When the correct amount is deployed (although who can say what exactly that means), it is unstoppable. When it explodes too often, it is like watching someone eat a bowl of sugar for lunch; eliminating some of the more spontaneous and early attempts at the Dončić diet would not be the worst idea.
We’ve seen a bit of that this season, where about 17% of all Luka’s shots have been three at a time, from 21.5% who published last year. He’s taking down a tight 36% of them, and drilled 42.9% in February.
Luka’s acceptance of the step back can also be attributed to Dallas’ tepid pace. Sometimes you don’t have enough time to scroll through a menu of options before it’s time to attack. His frequency of transition with Dončić on the court is only 11.3%. (lower than any other team), and just 19.7% after the Mavs hit a defensive rebound (the league average is 27.8%). These are outdated numbers in an NBA that is getting faster and faster. But Dončić’s general omniscience in the midfield makes them feel appropriate, even when forced to hit a relatively difficult shot.
This season, he is one of three players (Harden and Lillard are the others) who have attempted at least 100 3-pointers after doing at least seven dribbles. Dončić has gained 39.7% of them, 6% more than last season. At much higher volume, it is also nearly 10% more accurate than Mike Conley, Donovan Mitchell, and Jamal Murray.
Measuring Luka’s progress with analytics has its obvious value, but different points of view are encouraged in this type of conversation. At least one, in the face of all the criticism, reasonably asks viewers not to shame the basketball prodigy for doing some of the prettiest footwork someone his age has ever had. There is something fascinating about a shot that cannot be defended. It’s a stat-churning sun, never clearer than the two it pierced at the end of a recent Mavericks win over Boston.
Sometimes the step back is more art than science, and there is a world where Luka’s threat is even more devastating than the shooting itself. As his career unfolds, it will be fascinating how Dončić uses the bow. Will you ever calm down and choose your spots more carefully, perhaps saving the boldest efforts for when there are four seconds left on the clock and needs to create space? Will he quietly get over it, pack his game in, get in better shape, and take the same offensive approach as LeBron? Or, five years from now, did Dončić take the baton away from Harden and push the limits of the three-point discipline into a different stratosphere? Expand or collapse?
Until those issues are resolved, defenses choose to respect what happens when Dončić attacks from 30 feet instead of four. The day may very soon come when they have no other choice.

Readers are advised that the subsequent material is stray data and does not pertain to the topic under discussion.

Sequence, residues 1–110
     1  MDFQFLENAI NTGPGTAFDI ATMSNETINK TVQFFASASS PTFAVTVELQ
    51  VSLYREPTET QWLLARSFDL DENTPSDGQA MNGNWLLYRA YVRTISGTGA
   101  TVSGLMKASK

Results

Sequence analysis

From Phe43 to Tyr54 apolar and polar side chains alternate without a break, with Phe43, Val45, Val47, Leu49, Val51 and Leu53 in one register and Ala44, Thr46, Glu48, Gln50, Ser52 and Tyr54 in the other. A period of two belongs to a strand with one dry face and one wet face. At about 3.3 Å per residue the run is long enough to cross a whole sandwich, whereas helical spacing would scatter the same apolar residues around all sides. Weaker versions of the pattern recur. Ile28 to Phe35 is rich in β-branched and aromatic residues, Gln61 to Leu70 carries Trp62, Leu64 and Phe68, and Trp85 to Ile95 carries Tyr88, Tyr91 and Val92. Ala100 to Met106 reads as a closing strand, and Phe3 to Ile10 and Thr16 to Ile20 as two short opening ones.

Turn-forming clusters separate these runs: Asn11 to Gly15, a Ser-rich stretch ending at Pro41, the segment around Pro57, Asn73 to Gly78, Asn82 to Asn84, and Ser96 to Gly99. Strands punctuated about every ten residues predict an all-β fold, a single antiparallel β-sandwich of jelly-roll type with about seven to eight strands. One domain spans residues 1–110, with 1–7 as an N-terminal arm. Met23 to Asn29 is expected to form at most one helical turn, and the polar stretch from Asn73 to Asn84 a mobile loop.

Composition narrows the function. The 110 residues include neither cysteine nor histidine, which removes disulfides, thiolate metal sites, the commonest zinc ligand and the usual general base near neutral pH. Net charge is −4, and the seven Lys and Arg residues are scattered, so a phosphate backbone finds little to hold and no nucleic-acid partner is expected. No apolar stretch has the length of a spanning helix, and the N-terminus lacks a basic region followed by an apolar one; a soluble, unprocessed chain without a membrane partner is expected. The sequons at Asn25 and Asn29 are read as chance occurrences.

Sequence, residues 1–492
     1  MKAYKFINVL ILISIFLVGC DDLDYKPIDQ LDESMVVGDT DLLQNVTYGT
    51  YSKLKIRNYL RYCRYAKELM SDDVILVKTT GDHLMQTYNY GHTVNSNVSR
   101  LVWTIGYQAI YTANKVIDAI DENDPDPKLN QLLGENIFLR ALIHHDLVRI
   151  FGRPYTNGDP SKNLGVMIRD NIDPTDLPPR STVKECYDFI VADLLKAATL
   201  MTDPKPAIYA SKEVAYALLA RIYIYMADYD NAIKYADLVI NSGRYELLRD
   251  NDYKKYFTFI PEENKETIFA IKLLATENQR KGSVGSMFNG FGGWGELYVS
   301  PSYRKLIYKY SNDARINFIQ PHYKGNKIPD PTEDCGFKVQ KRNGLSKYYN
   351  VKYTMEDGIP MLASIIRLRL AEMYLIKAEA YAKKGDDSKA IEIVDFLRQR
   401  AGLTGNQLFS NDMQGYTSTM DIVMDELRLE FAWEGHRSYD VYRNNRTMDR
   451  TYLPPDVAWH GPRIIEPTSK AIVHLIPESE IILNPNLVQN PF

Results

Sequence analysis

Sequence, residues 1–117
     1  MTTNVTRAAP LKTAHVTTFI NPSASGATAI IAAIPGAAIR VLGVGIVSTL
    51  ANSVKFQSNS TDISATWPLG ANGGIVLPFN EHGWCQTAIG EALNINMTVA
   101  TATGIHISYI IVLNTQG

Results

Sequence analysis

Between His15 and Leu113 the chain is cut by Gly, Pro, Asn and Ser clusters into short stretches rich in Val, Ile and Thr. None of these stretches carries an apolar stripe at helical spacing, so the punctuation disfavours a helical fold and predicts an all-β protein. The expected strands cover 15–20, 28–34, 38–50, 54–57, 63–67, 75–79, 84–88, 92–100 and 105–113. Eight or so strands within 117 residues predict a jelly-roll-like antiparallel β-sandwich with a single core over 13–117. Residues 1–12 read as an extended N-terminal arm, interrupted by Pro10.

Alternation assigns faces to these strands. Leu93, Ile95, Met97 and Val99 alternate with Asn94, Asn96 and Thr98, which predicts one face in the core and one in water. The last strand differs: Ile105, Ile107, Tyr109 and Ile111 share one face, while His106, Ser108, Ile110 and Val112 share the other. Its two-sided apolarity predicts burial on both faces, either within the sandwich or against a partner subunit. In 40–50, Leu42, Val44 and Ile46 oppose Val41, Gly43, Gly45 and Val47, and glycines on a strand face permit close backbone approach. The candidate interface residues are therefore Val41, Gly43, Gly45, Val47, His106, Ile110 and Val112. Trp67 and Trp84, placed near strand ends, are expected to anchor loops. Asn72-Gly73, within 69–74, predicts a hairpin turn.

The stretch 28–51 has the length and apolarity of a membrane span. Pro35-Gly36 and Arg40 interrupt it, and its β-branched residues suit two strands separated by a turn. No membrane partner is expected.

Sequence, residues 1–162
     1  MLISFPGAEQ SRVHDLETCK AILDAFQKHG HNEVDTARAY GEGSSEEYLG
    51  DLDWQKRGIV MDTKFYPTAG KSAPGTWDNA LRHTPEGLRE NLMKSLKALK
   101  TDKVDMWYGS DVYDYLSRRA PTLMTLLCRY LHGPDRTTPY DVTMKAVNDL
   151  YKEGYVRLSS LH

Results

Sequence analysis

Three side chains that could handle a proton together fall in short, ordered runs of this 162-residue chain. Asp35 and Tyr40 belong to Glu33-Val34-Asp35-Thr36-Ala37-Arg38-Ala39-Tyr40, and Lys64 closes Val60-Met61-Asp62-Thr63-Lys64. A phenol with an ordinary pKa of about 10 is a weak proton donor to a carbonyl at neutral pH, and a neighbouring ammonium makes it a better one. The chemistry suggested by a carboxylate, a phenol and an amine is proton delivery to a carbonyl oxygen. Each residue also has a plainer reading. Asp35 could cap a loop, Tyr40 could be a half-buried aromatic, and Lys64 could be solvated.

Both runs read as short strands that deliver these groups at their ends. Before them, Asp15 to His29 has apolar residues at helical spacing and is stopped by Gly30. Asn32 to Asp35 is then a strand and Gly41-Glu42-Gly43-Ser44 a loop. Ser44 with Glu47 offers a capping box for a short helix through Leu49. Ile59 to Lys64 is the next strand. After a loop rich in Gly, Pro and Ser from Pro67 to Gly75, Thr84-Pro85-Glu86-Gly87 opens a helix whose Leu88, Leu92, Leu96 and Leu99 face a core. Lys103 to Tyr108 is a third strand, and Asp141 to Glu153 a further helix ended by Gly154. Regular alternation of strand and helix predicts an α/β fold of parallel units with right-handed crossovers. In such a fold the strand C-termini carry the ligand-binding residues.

Don’t sleep with the Pacers
Caris LeVert’s debut over the weekend was a blanket reminder that for the past two months, or since switching to Harden, if that makes it easier to process, the Pacers have been playing games without a salve for Victor Oladipo, who, like your usage leader, had been an integral part of his success. It hasn’t gone well: Since they sent Oladipo to the Rockets, the Pacers are 11-17 and ranked 22nd in net rating. Eight different starting lineups have started.
Several teams have changed this year. Health and safety protocols for the pandemic were combined with a shorter offseason and compressed schedule to make injury prevention / recovery twice as difficult as normal. The Heat, Raptors, Celtics and Mavericks are among several teams that have struggled to find solid ground, but can still be dangerous in the playoffs. With LeVert now on the court, most looking rusty but with a glimpse or two of his All-Star roof, the Pacers belong on that list.
Imagine this starting five: a healthy and comfortable LeVert, Domantas Sabonis, Myles Turner, Malcolm Brogdon and TJ Warren (who is currently set to return from his foot injury before the playoffs). Now add Doug McDermott, Justin Holiday, Jeremy Lamb and Aaron Holiday or TJ McConnell (the Pacers should consider moving one, probably McConnell, given his expiring contract, before the deadline) and that’s a formidable rotation!
There is no promise that LeVert will blend in seamlessly with his new teammates, in a different role and defensive system over the next few weeks, or that Warren will rekindle the fire he had in the bubble. There are half a million other things that could go wrong before the season ends. But if the Pacers make the playoffs, which they ultimately should, and are capable of brewing beforehand, a first-round upset should come as no surprise.
More morning shootings
Mannix: 10 stories to watch before the trade deadline
Beck: Analyzing the case for Webber’s Hall of Fame
Nadkarni: Butler has put Heat on his back
Herring: What’s at stake for the Hawks?
Pina: Exploring the Booker / Paul Dynamics
Eddie is an Australian news reporter with over 9 years in the industry and has published on Forbes and tech crunch.